A group of House Republicans is challenging the Biden administration’s recent rules on “digital discrimination,” arguing that these regulations amount to an overreach of federal authority over the Internet. Spearheaded by Georgia’s Republican Representatives Buddy Carter and Andrew Clyde, a total of 65 Republican members of the House have endorsed a resolution under the Congressional Review Act (CRA) aimed at overturning the Federal Communications Commission’s (FCC) newly introduced digital equity regulations.
The new regulations from the FCC, initiated under President Biden’s Infrastructure Investment and Jobs Act and implemented this month, are designed to ensure equitable access to broadband services without bias towards an individual’s income, race, ethnicity, color, religion, or national origin. House Republicans, on the other hand, contend that these measures grant disproportionate control to regulators, which they believe could stifle technological innovation, impose additional costs on consumers, and potentially lead to censorship issues.
The Congressional Review Act (CRA) allows legislators to oppose administrative regulations formally. Opponents of the FCC’s rules package are concerned that it could unintentionally expand the “digital divide,” intensifying disparities in access to digital resources. House Republicans maintain that the FCC’s regulations are not in line with constitutional guidelines and detract from the tenets of free-market capitalism.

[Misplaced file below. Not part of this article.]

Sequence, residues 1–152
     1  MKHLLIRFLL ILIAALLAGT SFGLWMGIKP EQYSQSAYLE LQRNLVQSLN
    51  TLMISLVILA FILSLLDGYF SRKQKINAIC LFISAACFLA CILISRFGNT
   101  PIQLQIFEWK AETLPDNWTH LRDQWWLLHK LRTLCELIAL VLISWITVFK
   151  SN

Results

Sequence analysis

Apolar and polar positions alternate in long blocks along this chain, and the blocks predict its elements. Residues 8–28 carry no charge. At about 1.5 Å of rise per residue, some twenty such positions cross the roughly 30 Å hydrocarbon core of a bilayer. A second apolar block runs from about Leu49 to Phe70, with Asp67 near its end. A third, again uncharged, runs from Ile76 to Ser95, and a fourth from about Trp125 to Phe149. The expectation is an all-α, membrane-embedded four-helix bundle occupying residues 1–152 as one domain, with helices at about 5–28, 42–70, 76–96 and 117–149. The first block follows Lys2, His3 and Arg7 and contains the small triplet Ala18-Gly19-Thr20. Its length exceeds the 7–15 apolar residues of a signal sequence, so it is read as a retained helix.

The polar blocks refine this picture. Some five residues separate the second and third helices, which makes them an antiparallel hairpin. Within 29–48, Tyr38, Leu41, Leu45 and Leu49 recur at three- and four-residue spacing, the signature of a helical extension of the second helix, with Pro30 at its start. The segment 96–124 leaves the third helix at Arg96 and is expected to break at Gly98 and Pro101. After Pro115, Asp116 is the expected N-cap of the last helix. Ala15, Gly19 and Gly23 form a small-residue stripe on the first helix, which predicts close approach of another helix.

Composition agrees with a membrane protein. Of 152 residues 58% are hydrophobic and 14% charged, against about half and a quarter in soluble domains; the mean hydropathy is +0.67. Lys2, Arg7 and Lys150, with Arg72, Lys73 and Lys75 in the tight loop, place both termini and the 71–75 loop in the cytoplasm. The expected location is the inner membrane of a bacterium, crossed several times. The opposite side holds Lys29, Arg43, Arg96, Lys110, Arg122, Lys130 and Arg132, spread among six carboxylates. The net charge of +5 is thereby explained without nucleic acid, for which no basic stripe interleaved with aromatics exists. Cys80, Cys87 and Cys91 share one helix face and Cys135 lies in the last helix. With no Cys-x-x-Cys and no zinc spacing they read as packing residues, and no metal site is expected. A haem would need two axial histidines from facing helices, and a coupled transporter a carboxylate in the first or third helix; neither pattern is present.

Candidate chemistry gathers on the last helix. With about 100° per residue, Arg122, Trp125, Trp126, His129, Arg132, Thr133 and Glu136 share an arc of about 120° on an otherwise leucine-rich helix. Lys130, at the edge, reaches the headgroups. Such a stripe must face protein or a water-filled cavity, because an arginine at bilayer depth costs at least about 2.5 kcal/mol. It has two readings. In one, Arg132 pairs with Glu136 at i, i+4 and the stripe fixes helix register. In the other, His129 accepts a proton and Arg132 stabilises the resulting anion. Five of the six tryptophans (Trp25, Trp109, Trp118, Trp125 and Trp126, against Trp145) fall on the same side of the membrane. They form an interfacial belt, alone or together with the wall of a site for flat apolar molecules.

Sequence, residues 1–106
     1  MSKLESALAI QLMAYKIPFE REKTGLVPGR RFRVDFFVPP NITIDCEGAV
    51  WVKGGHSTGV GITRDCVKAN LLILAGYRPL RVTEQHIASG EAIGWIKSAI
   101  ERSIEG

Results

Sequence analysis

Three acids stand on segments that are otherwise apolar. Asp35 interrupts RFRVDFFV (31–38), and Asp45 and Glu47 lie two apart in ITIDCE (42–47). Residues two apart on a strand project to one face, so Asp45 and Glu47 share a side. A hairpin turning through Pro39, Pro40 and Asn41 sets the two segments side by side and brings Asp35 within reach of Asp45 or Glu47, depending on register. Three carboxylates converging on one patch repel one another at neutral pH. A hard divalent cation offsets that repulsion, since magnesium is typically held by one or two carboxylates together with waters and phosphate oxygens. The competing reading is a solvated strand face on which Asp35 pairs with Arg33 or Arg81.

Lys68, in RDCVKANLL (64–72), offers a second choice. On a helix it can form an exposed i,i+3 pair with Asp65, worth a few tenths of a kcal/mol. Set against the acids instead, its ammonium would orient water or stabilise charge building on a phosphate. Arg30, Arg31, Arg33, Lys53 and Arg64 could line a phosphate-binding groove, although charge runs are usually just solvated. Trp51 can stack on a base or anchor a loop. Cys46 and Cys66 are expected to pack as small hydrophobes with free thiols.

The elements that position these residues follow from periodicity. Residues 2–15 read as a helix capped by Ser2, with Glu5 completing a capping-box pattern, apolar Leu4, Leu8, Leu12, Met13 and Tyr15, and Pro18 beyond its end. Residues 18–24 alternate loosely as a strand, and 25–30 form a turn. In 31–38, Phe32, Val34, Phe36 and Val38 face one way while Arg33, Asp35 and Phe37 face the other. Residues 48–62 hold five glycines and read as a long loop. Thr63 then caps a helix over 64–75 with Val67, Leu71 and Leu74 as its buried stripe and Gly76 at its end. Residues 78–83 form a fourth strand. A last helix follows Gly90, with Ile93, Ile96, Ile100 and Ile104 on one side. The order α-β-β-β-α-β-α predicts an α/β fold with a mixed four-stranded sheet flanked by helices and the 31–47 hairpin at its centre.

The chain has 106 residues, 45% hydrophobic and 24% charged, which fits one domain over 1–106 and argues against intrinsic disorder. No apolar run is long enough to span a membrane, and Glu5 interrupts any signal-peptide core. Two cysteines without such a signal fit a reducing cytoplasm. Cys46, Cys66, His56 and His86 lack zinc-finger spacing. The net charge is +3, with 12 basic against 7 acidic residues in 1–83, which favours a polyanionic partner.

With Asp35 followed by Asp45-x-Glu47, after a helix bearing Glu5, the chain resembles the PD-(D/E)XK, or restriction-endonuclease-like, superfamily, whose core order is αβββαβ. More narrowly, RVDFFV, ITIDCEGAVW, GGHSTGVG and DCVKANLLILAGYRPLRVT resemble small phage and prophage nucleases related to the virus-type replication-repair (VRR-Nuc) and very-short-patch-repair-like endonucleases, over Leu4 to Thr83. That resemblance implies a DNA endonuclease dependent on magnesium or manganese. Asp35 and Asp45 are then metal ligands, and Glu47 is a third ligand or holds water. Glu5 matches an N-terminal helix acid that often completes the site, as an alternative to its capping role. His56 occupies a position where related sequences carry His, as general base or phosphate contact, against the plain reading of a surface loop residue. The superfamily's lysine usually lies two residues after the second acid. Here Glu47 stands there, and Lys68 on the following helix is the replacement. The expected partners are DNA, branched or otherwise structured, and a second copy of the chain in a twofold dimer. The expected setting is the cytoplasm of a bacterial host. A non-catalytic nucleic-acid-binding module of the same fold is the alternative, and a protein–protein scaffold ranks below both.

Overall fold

Multiple independent organizations, such as Heritage Action for America, Americans for Tax Reform, the Taxpayers Protection Alliance (TPA), and Americans for Prosperity, have lent their support to the Republican resolution, voicing worries about excessive government intervention and its potential adverse effects on the rollout of broadband services and market choices.
Commissioner Brendan Carr of the FCC has criticized the digital discrimination rules as a significant government power grab, giving the Administrative State control over internet services and infrastructure. Carr argues that the regulations proposed by President Biden would grant the federal government extensive control over various aspects of the Internet, including ISPs’ operations, capital allocation, consumer services, profits, marketing, and more.
The House Republicans’ CRA resolution is expected to be filed soon, but it must pass both the House and the Democrat-controlled Senate before reaching President Biden’s desk. The White House and the FCC have not yet commented on the resolution.
In conclusion, House Republicans are challenging the Biden administration’s digital discrimination rules, alleging that they represent an unconstitutional power grab by the federal government. Critics fear that these rules may widen the digital divide and impede innovation. The resolution of disapproval under the CRA is a significant step in opposing these regulations, but its success depends on passing through the House and Senate.